A Few Words From A Juris Doctor

With people showing up at townhall meetings asking questions about “America’s Affordable Health Choices Act of 2009“, the health care bill, you would think that our representatives in Congress would have read the bill by now.

I’m sure many of them have assigned their staff to read parts of the bill, but how many of them have actually read it themselves? I sure would like to know.

While I was sitting here tonight trying to decide what I was going to write about, I was reviewing some of my previous posts and I got to thinking about the fact that this bill is nothing short of unconstitutional. It also violates the Tenth Amendment. In my analysis of the health care bill, on Day Three, I pointed out the clear violation of States rights as guaranteed by the 10th Amendment.

Section 208 removes a States right to offer their own State-based health insurance.

If—

(1) a State (or group of States, subject to the approval of the Commissioner) applies to the Commissioner for approval of a State-based Health Insurance Exchange to operate in the State (or group of States); and

(2) the Commissioner approves such State-based Health Insurance Exchange,

then, subject to subsections (c) and (d), the State-based Health Insurance Exchange shall operate, instead of the Health Insurance Exchange, with respect to such State (or group of States). The Commissioner shall approve a State-based Health Insurance Exchange if it meets the requirements for approval under subsection (b).

The “Commissioner” must approve any State-based “Exchange”, therefore denying States rights granted under the U.S Constitution.

The 10th Amendment to the U.S. Constitution states,

The powers not delegated to the United States by the Constitution, nor prohibited by it to the states, are reserved to the states respectively, or to the people.

The U.S. Constitution does not give the United States (the feds) the authority to regulate health care within the borders of the States, and it also doesn’t prohibit the States from doing so, therefore, the United States (the feds) can not legally decide what the States can and cannot do in regard to health care. There is no right side or left side of this argument, it’s written in the Tenth Amendment to the U.S. Constitution.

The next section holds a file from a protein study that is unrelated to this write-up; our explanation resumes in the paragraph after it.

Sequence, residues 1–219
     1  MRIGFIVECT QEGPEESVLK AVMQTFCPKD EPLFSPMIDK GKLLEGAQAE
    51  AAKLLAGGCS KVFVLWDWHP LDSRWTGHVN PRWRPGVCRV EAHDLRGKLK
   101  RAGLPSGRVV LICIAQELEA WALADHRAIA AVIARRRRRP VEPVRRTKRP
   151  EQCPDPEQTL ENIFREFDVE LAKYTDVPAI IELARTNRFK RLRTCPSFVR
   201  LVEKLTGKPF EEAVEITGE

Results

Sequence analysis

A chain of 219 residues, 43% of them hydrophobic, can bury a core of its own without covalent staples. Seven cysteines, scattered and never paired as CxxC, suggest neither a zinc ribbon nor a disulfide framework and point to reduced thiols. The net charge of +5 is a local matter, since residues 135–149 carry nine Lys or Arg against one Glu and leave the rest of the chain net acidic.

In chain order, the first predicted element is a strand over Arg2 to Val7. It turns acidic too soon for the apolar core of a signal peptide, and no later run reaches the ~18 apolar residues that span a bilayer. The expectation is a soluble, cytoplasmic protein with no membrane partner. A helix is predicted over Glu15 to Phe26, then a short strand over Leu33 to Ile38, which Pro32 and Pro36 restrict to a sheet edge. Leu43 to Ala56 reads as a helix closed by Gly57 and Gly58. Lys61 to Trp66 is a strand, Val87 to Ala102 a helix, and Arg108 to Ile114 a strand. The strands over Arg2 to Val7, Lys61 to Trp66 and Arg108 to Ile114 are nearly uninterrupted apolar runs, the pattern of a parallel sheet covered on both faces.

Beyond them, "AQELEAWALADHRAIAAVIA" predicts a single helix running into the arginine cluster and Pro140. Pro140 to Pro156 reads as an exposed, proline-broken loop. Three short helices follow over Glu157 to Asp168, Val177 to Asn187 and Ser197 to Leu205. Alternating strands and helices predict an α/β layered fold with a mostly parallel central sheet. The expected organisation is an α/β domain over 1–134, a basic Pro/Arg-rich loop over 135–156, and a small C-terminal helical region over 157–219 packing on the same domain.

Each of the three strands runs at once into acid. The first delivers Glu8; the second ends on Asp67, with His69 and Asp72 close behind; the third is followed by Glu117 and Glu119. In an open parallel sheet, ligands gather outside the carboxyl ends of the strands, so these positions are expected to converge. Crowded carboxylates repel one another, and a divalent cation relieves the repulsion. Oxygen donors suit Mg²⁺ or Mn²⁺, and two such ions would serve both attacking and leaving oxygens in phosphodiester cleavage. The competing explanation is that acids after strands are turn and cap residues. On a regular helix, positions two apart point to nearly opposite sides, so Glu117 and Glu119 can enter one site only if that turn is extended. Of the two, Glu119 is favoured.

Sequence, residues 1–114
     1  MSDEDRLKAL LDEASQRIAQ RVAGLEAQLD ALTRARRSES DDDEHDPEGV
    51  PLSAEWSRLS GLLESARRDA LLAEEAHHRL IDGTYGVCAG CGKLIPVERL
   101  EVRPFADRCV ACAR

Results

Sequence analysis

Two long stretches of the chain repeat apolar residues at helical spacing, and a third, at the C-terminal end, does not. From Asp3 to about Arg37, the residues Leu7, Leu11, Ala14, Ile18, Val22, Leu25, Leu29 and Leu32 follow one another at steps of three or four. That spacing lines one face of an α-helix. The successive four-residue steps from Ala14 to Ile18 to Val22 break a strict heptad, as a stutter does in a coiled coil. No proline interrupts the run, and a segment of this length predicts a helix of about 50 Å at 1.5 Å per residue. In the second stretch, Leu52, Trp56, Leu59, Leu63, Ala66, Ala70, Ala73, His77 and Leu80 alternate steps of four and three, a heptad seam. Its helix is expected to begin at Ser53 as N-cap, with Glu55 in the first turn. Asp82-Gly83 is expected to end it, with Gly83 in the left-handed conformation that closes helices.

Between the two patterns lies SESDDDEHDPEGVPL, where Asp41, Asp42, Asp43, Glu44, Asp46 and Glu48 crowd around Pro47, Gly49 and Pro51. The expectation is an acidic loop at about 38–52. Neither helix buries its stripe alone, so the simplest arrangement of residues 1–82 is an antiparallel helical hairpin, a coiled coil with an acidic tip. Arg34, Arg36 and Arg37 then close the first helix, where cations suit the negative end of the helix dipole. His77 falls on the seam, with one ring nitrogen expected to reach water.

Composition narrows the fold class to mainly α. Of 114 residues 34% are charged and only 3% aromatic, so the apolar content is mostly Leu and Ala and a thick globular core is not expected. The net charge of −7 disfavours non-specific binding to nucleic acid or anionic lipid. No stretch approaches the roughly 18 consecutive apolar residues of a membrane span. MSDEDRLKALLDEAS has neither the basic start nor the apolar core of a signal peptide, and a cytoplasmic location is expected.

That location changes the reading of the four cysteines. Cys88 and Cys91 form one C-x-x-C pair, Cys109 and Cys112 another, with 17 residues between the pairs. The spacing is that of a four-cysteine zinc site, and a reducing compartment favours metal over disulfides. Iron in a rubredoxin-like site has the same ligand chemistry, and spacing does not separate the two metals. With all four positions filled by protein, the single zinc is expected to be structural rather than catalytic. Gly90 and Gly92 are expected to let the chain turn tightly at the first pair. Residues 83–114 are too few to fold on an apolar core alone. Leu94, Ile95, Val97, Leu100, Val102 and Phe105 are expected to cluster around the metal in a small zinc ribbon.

I then wondered whose job it is to make sure the bills which are introduced in the House do not violate current legal statutes, our civil liberties, or constitutional law. A quick search (and common sense) told me this must be handled by the Judiciary Committee of the House Of Representatives.

Sure enough, the following list shows the jurisdiction of the House Committee on the Judiciary.

1. The judiciary and judicial proceedings, civil and criminal.
2. Administrative practice and procedure.
3. Apportionment of Representatives.
4. Bankruptcy, mutiny, espionage, and counterfeiting.
5. Civil liberties.
6. Constitutional amendments.
7. Criminal law enforcement.
8. Federal courts and judges, and local courts in the Territories and possessions.
9. Immigration policy and non-border enforcement.
10. Interstate compacts generally.
11. Claims against the United States.
12. Members of Congress, attendance of members, Delegates, and the Resident Commissioner; and their acceptance of incompatible offices.
13. National penitentiaries.
14. Patents, the Patent and Trademark Office, copyrights, and trademarks.
15. Presidential succession.
16. Protection of trade and commerce against unlawful restraints and monopolies.
17. Revision and codification of the Statutes of the United States.
18. State and territorial boundary lines.
19. Subversive activities affecting the internal security of the United States.

I knew the Judiciary Committee handled the “legal” stuff, but I never knew they controlled the state boundary lines, or patents and copyrights. It’s amazing what you learn when you read.